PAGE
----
Tax & admin · 8 September 2015

Looking for funding? Make sure you know what you actually need it for

Too many businesses assume they need funding without planning what it will be used for and how much they need
Too many businesses assume they need funding without planning what it will be used for and how much they need

Our Get Funded expert, KPMG’s Bivek Sharma, discusses some of the main issues early businesses have here – including not fully thinking through what purpose the funding they’re so avidly pursuing, will actually have.

As part of KPMG’s Small Business Accounting team, Bivek Sharma helps provide a range of support to those getting their firms up and running.

He feels there are numerous challenges for those in the funding space – fundamentally “where to start” as the first moment of uncertainty. “There are all these considerations for early businesses – the fear of taking on debt, of giving away part of their business. You see the myriad of options available when you start looking and I think a lot of people get a bit confused,” he explained.

As Business Advice’s Get Funded expert, Sharma will be aiming to help you focus on some of the critical questions and ascertain just what type of funding you need and how to go about getting it.

“It has become a bit vogue to think you just need funding as a general desired goal, rather than considering the background to it and what you actually need it for,” Sharma said. “Do you need it for a long-term project a short-term cash injection to meet the day-to-day running of the business required?” he asked.

The initial principles to revisit anytime you’re looking to take on any funding are to match it up to how long you need it and what it will be used for. “It doesn’t make sense to use an overdraft to buy a long-use asset,” Sharma said.

There’s also the necessity of “drilling down into the detail”, when you’ve started establishing what type of funding you’re after. Sharma feels there are plenty of both benefits and disadvantages to the various options out there and many small businesses don’t properly examine what these are before ploughing ahead.

He mentioned the example of the different ways you can access funding through the crowd – “rewards, equity, bonds and business loans are all options”. In upcoming pieces, Sharma intends to unpick what type of choices may or may not work for certain businesses and why that is.

Discussing the increasingly popular phenomenon of equity crowdfunding, he feels that it can be an appealing route for many early firms for a number of reasons – but with its popularity has also come heightened competitiveness between businesses looking to catch attention.

Platforms like Seedrs have become increasingly popular
Platforms like Seedrs have become increasingly popular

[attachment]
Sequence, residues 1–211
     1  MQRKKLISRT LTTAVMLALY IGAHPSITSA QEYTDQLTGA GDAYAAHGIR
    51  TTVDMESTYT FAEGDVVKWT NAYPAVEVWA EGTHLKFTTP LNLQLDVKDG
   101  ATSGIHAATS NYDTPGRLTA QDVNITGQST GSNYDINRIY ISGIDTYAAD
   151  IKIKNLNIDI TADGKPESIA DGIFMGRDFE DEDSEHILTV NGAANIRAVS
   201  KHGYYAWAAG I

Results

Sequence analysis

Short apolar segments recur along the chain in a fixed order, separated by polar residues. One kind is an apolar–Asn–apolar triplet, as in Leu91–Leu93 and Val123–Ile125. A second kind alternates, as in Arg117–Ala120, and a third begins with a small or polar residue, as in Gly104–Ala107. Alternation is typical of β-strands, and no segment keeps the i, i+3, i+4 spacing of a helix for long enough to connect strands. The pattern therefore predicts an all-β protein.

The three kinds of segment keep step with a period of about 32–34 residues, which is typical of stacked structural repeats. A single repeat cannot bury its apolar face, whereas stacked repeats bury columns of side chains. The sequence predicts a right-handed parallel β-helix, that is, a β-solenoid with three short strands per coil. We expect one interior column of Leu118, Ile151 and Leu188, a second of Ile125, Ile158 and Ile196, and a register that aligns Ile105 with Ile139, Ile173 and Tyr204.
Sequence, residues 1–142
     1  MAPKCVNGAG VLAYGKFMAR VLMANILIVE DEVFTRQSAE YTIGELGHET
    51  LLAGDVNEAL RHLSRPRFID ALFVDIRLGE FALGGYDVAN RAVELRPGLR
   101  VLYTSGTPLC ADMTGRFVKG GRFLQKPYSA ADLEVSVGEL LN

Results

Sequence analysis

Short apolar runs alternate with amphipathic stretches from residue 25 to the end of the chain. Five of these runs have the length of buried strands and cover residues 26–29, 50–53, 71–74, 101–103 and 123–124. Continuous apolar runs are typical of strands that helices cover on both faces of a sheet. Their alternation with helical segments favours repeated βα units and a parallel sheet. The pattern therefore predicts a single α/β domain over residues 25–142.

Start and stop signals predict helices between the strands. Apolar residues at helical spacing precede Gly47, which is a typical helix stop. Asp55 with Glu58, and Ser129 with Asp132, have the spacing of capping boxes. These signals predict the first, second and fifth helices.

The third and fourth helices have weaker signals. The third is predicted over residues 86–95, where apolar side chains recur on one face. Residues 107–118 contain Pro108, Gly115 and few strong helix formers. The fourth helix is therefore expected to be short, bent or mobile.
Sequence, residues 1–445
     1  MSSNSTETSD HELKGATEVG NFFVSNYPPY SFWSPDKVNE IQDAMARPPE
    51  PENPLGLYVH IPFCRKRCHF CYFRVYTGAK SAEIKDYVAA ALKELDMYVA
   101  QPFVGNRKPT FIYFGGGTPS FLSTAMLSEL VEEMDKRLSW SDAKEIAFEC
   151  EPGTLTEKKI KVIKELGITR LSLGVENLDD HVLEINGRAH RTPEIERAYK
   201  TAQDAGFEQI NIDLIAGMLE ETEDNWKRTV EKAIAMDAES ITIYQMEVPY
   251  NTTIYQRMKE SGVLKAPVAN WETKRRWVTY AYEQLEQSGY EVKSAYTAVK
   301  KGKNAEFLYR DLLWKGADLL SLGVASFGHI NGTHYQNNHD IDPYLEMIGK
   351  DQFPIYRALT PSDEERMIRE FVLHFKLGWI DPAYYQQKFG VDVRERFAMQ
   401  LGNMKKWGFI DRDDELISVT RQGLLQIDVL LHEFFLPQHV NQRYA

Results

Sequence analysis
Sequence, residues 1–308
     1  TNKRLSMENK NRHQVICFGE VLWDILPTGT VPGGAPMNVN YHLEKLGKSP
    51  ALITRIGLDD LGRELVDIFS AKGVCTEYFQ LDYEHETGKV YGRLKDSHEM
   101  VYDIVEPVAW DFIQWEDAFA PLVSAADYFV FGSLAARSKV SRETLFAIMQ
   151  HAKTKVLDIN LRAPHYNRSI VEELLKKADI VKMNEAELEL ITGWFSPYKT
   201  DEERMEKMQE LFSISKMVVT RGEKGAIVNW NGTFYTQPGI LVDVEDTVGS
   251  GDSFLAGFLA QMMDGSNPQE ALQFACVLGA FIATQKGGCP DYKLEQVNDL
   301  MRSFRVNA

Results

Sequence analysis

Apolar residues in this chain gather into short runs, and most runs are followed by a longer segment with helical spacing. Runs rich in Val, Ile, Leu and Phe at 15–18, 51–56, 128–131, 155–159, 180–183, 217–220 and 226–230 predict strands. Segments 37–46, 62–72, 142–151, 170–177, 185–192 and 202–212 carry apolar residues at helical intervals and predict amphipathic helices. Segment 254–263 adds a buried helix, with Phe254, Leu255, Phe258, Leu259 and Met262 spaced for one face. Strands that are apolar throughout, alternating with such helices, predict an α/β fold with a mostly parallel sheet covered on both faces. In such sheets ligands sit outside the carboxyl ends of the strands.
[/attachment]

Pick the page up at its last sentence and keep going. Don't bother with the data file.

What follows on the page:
“We work with a lot of the online platforms and the amount of applications they get in a day is extraordinary,” Sharma agreed. “It’s appealing because it’s an easy way to validate your idea, so a lot of businesses are going to do it.”

The other benefit it holds is that in order to fully go through the process and then stand out from the crowd, you often need to be arduous in your preparation. “It helps a lot of smaller businesses get a good initial footing because they put together well thought out plans,” he said. A pitfall here though, is thinking it’s a one-size fits all option and not thoroughly checking out what crowdfunding will entail.

Elsewhere, government grants are highly competitive, but they can also be an attractive option to consider – Sharma cited the variety of sector specific grants which can be “a great way to get started if they are available to your business”.

With recent research from Lloyds Bank Insurance indicating that over two-thirds of micro businesses rely on family and friends to keep going, and so many looking towards relatives for that initial injection of funding, where should you begin if you don’t have that option and how do you break away from that reliance?

“It depends on the business, but you should be exploring how to get your product out there and start getting some feedback from the market. Even just a little bit makes it so much easier to then start looking externally for funding,” Sharma advised.

Before you look for funding, extensive preparation is a crucial prerequisite. “You’ll see a lot of small businesses that aren’t on top of the business plan, financial projections or that don’t even know how funding would be used,” he added.

In terms of forecasts, Sharma agreed it can be daunting early on as many owners are “scared of making assumptions about their business, because a lot of it can feel like guesswork but putting a realistic plan in early makes you look a lot more credible”.

However you intend to get funding, “being clear on what you’re going to achieve and what the money will be used for” will save you plenty of confusion and time wasted chasing unsuitable options.

Image: Shutterstock

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ABOUT THE EXPERT

Bivek Sharma has been a partner with KPMG for over ten years, specialising in accounting, tax and software. He started the Small Business Accounting division over two years ago with a goal to transform accounting services for small businesses. The team works with a huge variety of industry sectors and companies including coffee shops, technology companies, manufacturers, pubs, restaurants and retailers.

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